The Trophy was, is, and always has been, a futuristic, Military-Science-Fiction novel about intra-galactic competition and conflict. Originally published in 1990, it is third in a series of seven novels about the adventures of StarSailor and expert Helmsman Wilf Brim during an epoch of discord and outright war among various star-nations—within a galaxy that could be a far-future version of the one in which we live.
This special, “Director’s Cut” Edition is heavily re-written, a la George Lucas’ rewrite of the Star Wars Trilogy, to bring it more in line with later novels in the series, as well as the first two “Director’s Cut” Editions of The Helmsman and Galactic Convoy. This edition also answers a question from thousands of readers: “What happened to Anna Romanoff,” a love-interest character in the novel who, previously, never quite made it to the next in the series
The novel begins just as Brim—once a fast-rising First Lieutenant in the Imperial Fleet—has been thrown out the service during a post-war reduction in force (RIF), along with thousands of other warriors by a Imperial Government that all-too-easily forgets how much it relied on them only a short time previously.
The change devastates Brim; like so many other young men, from humble beginnings, he bases much of his self-worth on his success in his occupation. For a short while, he hangs on piloting worn-out third-rate spaceliners, but when that operation fails, Brim has nowhere to turn. As a last resort, he works passage to on one of the grand liners as a baggage-handler to the City of Atalanta on the planet Hador-Haelic where, eventually, old friends involve him in the great Mitchell Trophy astroplane races, and he ends up piloting for the Imperial Starflight Society.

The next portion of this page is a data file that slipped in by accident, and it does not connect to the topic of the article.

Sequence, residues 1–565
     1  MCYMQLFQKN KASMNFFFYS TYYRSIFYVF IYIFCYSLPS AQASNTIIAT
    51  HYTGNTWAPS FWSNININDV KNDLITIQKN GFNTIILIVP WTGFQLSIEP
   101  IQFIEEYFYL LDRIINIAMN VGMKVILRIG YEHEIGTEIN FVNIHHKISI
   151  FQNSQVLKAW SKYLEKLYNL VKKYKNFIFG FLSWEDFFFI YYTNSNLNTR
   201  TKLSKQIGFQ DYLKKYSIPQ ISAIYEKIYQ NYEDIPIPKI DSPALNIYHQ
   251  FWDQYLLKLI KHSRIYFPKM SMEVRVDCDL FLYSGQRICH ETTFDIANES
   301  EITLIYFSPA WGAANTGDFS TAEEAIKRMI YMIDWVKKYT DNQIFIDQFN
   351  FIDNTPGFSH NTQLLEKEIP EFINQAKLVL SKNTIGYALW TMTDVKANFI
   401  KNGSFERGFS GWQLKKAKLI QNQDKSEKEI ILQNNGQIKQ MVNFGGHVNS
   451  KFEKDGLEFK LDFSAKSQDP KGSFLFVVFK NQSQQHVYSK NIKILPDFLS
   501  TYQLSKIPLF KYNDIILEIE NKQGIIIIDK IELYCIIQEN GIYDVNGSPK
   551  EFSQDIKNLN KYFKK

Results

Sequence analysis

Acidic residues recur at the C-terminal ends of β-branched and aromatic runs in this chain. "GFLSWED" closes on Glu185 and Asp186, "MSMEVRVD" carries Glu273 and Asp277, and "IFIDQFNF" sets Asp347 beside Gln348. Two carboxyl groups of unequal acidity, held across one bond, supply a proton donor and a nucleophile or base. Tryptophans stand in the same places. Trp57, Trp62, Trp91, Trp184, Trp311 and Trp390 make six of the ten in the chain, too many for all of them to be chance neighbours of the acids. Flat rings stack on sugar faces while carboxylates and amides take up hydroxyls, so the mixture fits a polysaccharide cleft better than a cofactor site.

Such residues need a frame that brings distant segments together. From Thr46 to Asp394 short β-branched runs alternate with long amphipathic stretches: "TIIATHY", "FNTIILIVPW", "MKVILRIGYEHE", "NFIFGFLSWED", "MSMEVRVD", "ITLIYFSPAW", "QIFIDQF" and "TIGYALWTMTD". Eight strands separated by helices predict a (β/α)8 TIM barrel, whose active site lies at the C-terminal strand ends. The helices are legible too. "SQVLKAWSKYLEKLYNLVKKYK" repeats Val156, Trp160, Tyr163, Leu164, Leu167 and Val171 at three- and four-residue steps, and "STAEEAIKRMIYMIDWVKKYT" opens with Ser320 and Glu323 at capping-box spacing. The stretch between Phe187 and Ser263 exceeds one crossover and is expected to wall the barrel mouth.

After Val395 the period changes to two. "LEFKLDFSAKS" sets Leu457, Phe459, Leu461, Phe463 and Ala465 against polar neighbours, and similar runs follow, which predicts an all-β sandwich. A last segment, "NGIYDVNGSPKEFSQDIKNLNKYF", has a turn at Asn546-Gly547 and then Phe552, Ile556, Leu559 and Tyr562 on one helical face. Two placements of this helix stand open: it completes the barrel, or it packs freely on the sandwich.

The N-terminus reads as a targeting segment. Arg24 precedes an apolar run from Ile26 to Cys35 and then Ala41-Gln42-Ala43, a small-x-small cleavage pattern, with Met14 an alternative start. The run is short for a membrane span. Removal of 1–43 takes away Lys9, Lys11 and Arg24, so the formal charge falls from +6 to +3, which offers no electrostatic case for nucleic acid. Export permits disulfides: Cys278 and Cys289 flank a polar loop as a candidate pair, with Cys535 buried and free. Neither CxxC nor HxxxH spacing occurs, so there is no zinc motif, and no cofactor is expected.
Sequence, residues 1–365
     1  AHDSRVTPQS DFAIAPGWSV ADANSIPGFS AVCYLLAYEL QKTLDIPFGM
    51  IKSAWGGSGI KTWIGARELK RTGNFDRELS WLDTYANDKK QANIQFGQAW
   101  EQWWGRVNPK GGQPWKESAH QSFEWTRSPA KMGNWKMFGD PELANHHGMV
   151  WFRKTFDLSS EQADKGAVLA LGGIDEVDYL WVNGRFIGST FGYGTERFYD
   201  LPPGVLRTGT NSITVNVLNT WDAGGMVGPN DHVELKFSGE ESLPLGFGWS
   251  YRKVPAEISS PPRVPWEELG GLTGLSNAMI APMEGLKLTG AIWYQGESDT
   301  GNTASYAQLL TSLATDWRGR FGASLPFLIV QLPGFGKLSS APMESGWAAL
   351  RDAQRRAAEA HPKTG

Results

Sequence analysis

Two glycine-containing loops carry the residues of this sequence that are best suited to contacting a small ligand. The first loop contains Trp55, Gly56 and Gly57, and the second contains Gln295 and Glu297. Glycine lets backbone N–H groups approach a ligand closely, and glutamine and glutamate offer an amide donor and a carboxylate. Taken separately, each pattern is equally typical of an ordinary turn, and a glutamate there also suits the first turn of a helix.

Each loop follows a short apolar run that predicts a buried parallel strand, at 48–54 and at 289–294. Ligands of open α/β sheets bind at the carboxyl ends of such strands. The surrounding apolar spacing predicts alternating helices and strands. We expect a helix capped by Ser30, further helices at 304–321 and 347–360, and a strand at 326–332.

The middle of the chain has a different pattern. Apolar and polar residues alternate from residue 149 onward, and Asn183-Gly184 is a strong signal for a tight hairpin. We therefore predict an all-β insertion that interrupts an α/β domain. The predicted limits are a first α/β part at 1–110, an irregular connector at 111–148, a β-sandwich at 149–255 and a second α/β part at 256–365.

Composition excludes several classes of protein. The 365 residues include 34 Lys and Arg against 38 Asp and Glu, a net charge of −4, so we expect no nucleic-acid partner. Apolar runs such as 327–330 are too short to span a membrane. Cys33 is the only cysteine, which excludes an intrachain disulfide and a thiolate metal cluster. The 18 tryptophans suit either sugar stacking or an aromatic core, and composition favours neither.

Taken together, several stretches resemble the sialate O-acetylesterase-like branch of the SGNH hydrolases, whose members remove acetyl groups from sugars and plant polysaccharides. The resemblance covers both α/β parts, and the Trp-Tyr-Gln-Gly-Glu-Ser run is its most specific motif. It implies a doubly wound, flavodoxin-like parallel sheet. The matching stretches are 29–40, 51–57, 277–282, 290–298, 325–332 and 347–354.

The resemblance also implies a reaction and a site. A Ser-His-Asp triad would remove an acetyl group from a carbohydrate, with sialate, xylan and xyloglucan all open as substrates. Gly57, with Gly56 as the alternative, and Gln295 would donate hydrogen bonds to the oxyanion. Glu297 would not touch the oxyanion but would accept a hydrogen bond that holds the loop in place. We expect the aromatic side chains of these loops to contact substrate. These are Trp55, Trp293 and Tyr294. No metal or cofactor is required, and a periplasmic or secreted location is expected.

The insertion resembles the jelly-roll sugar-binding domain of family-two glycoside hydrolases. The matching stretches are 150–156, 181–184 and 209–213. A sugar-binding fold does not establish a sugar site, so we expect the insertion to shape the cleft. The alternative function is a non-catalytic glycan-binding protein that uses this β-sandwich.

Anyone familiar with the history of air racing will instantly recognize The Trophy as my personal tribute to one of the grand fascinations of my life: the Schneider Trophy Races that began in 1913 with fragile Bleriot biplane racers on floats and ended in 1931 with Reginald Mitchell's early masterpiece, the Supermarine S.6B, that retired the trophy for all time. In addition, its twelve-cylinder engine was the prototype for the Rolls-Royce Merlin and Griffin engines that years later powered Mitchell's superb Spitfire, the U.S. Mustang, the British Lancaster bomber, and most of the unlimited Gold Cup hydroplane racers of the late 1940s, the 1950s, the 1960s, and the early 1970s.
ON THE "DIRECTOR'S CUT" VERSION: Turned out that Trophy was a pivotal book in the Helmsman Saga, because in the original version, the prototype Starfury was a destroyer-sized starship, but by the time The Defenders came along, it had shrunk to something a fraction of its original size--and made the intervening Mercenaries extra difficult to bring into line with the later books.. It took a lot of rewriting.